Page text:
When, back in the 1990s, the debate was being had in this country as to whether we should join the euro, which was at that time still a twinkle in eurocrats eyes, those of us who were opposed to our joining were met with the same patronising sad shake of the head we get now if we admit that we voted for Brexit. They have mostly gone quiet ever since of course, apart from a few fanatics like the egregious Paddy Ashdown, who still insist we should have signed up.
Had we done so of course it would have been a disaster. As a succession of countries around Europe's periphery have proven, this would have led to mass unemployment, permanent real austerity (rather than the minimal version we have actually suffered) low growth and resultant political turmoil. Extricating ourselves from the EU is a comparative doddle compared to extricating ourselves from the euro as Italy may be in the process of proving.
In part President Mattarella had a point when he vetoed the appointment of Paolo Savona, who had committed the sin of being right about Italy and the euro. But, as the reaction of markets around the world has shown, his intervention has not done much good because we can all see the writing on the wall anyway.
But why? wail the Europhiles. How can it be that one of the founding members of the great European project can have turned against them? Well look around you. Look around at the economic atrophying in Italy and elsewhere. Look at the immigration crisis that Italy is enduring. Europe is supposed to be a great project of solidarity and togetherness. Except it is only this when it suits the elites to pretend that it is.
The euro is an attempt to consolidate and entrench power at the centre, with rules that are sacrosanct. Except they have been broken from day one. Italy should never have been allowed to join the euro according to its own rules. It's travails have been entirely predictable and indeed were predicted by many, myself included. It was ignored. Yet as the consequences of that folly came home to roost so then the rules were enforced with absurd rigidity on some but kept lax on others. Germany has routinely broken the rules with their persistent trade and budgetary surplus. France has run a persistent deficit above the threshold. Others less powerful have not been allowed to depart from the rules. If Europe were being true to its all for one ethos there would be fiscal transfers between Germany, that has been doing very nicely out of the euro and the likes of Italy that hasn't.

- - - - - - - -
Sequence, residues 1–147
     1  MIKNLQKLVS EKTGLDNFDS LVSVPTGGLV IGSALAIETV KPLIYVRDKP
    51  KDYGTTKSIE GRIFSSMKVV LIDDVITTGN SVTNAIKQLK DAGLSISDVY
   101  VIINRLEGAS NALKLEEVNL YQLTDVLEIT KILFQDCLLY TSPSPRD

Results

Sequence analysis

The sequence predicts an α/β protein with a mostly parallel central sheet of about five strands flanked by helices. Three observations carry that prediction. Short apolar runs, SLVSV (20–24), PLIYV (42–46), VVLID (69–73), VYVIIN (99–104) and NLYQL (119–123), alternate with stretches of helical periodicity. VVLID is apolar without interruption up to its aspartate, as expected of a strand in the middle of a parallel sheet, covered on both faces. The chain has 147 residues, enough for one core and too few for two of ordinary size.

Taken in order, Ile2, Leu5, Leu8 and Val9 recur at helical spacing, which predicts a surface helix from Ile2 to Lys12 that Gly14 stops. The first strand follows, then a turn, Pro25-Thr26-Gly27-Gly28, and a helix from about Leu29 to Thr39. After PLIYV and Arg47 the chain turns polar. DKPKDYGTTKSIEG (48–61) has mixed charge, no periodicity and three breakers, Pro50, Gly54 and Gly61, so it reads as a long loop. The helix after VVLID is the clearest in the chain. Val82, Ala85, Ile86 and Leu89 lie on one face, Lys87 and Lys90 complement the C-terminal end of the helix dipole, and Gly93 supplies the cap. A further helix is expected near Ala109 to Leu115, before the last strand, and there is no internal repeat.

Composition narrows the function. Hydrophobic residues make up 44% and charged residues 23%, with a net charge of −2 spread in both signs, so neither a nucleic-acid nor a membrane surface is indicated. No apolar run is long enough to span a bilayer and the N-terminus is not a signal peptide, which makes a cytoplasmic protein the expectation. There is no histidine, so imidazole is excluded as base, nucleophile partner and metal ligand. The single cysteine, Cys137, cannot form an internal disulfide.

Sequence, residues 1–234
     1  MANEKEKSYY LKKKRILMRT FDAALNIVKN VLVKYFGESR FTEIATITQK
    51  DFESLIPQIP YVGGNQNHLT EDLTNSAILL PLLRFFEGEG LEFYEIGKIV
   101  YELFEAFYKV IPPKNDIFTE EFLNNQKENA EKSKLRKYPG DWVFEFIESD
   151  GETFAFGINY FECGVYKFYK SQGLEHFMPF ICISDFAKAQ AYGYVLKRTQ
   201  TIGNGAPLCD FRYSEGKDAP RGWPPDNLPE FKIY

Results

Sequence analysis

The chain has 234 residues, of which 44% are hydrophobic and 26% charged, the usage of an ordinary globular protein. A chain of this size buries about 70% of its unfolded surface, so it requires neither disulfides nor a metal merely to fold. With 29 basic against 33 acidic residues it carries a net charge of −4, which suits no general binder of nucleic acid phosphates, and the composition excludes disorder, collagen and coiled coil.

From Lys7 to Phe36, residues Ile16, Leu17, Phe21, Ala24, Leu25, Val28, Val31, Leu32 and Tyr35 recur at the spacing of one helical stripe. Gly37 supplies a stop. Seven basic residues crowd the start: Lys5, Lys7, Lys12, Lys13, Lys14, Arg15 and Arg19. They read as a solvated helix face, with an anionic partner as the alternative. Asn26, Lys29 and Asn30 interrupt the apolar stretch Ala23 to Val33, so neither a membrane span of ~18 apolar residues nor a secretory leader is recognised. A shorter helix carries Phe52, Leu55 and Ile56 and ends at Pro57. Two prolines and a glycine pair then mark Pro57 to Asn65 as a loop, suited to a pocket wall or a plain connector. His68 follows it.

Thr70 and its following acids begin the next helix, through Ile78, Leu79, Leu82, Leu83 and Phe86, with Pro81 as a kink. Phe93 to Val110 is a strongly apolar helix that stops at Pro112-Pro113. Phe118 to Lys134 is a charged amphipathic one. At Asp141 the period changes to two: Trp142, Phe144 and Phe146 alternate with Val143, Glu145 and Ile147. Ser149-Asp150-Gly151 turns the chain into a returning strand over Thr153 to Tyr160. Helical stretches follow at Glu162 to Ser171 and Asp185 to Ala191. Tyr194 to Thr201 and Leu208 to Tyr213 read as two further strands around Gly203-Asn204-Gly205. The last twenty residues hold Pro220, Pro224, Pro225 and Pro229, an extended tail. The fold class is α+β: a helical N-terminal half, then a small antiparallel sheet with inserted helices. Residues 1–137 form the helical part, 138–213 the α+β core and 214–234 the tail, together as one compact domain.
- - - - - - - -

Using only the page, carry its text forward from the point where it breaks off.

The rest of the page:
And then there is the refugee crisis that has been left to the likes of Italy and Greece to deal with. Where has the European solidarity been on that most divisive and intractable of problems?
The consequence is the politics of populism in which furious people are given simplistic solutions thanks to being ignored by conventional politics. Consistently and persistently the EU powerbrokers, from national governments to the unelected Commission have elevated their central principles over the lives, livelihoods and quality of life of the peoples of the continent. The theory is that ever closer union requires these sacrifices to forge this federal Europe that nobody has ever voted for and which has been rejected every time the people have been consulted. Europe has even decided it doesn't much like referendums as a result. It wants them banned.
That is why there has been such panic around the world on markets and in the capitals of Europe. This is a crisis that we have all known is coming and yet the EU has pretended won't happen. They breathed a sigh of relief when France voted for Macron, but now Italy is asking the same awkward questions. Typically the European apologists have sided with the EU rather than their own countrymen. We know, here on this island, how that feels. History will have to be the judge of why such apologists behaved as they did. They will tell us that they felt they were defending something great and beautiful and worthy of sacrifice. It's just that they were not the ones making the sacrifices.